Burlington Working to Control Pests in the City
Published April 15, 2019 at 11:54 pm
Almost exactly one month ago, inhalton reported that the Halton Region was struggling to deal with i
Almost exactly one month ago, inhalton reported that the Halton Region was struggling to deal with invasive species. In fact, the Halton Region is just one of the many areas in Canada trying to deal with invasive species. The previous article noted that it was recognized that there is a need for federal leadership when it comes to municipalities dealing with invasive species.
The article also outlined steps that the Halton Region has specifically taken in order to deal with invasive species. Back in 2017, it was announced that contractors would be injecting 250 infected ash trees (many ash trees in the region have been impacted by Emerald Ash Borer) in the Town of Milton with TreeAzin – an insecticide to kill Emerald Ash Borer insects and larvae – to help preserve the life of the trees.
It was also noted that Oakville has budgeted $2.5 million in its 2019 budget for Emerald Ash Borer management.
Burlington is actively working on planting more trees in the city. However, according to a recent press release, the city is now doing even more to control invasive pests.
More specifically, the City is working to control its current gypsy moth – Lymantria dispar – populations.
“As part of an Integrated Pest Management (IPM) Program, the City of Burlington will be using a low-flying helicopter to apply a bio-pesticide over four wooded areas to control gypsy moth populations which causes significant defoliation and potential long-term impact to the City’s urban forest,” reads the release.
The gypsy moth is a non-native invasive pest that was first discovered in Ontario in the 1960s. Since its discovery, the moth has been a major defoliator of deciduous and coniferous trees across Southern Ontario.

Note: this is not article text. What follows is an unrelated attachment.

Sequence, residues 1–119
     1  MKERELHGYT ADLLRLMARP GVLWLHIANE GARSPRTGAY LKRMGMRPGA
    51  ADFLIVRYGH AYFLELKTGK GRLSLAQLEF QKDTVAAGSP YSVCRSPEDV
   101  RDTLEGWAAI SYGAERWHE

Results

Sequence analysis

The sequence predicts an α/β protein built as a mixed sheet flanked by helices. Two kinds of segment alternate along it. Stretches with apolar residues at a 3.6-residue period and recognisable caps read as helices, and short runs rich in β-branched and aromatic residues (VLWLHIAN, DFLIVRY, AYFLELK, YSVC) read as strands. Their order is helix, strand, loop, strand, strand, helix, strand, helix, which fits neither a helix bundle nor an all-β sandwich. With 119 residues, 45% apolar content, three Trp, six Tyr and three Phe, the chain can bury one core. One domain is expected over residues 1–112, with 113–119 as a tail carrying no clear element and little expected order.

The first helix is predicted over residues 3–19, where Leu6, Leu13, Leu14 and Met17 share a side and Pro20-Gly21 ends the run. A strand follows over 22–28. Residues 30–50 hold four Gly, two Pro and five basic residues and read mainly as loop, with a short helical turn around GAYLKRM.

The population of these moths in Burlington is said to be too high for predators to keep their numbers in check.
“We need to take action to reduce the gypsy moth population in order to maintain the health of our valuable urban forest,” Steve Robinson, Manager of Urban Forestry, said in the release. “Currently, populations are expected to be too high for their natural predators to keep them in check. By applying a biological pesticide with a measured approach, we will be able to reduce pest populations to manageable levels. Protecting our urban forests is a priority for the City as it greatly impacts our health, homes and recreation.”
As a result, the bio-pesticide will be applied in the following areas: Forestvale/Kerncliff Park, LaSalle Park, Lowville Park, and Mountainside Park.
Weather conditions and insect development will determine the exact date of when the pesticide will be applied. However, the pesticide is expected to be applied during the third and fourth weeks of May in the early morning (between 5 and 7:30 a.m.).
The exact spray dates will be posted on the City’s Twitter and Facebook accounts @CityBurlington and online at burlington.ca/gypsymoth at least 48-hours before the pesticide is applied. Residents will also be able to use the city’s website in order to see where spraying will take place in their home or work.
So, what is the exact pesticide that will be sprayed?
The city’s contractor, according to the release, will be applying a Class 11 bio-pesticide (Foray 48B, REGISTRATION NO. 24977 PEST CONTROL PRODUCTS ACT) with the active ingredient of Bacillus thuringiensis ‘kurstaki’ (btk) – a soil-borne bacterium that is applied to the leaves of affected trees while caterpillars are in their early stages of development.
After this pesticide is ingested, the bacterium will disrupt the caterpillars’ digestive system with cessation of eating within 24 to 48 hours. Within days, caterpillars that have ingested the pesticide will succumb to its effects.
The press release notes that btk does not impact humans, birds, or bees negatively.
“Btk will affect other caterpillar species (known as non-target species),” reads the release. “Due to its low residual nature and the narrow spray window due to larval development, the non-target impact is expected to be low.”
Anyone who has any questions or concerns can contact Brianna Thornborrow, Supervisor of Forest Planning and Health, at [email protected] or 905-333-6166, ext. 6145.
Photos are courtesy of the City of Burlington.insauga's Editorial Standards and Policies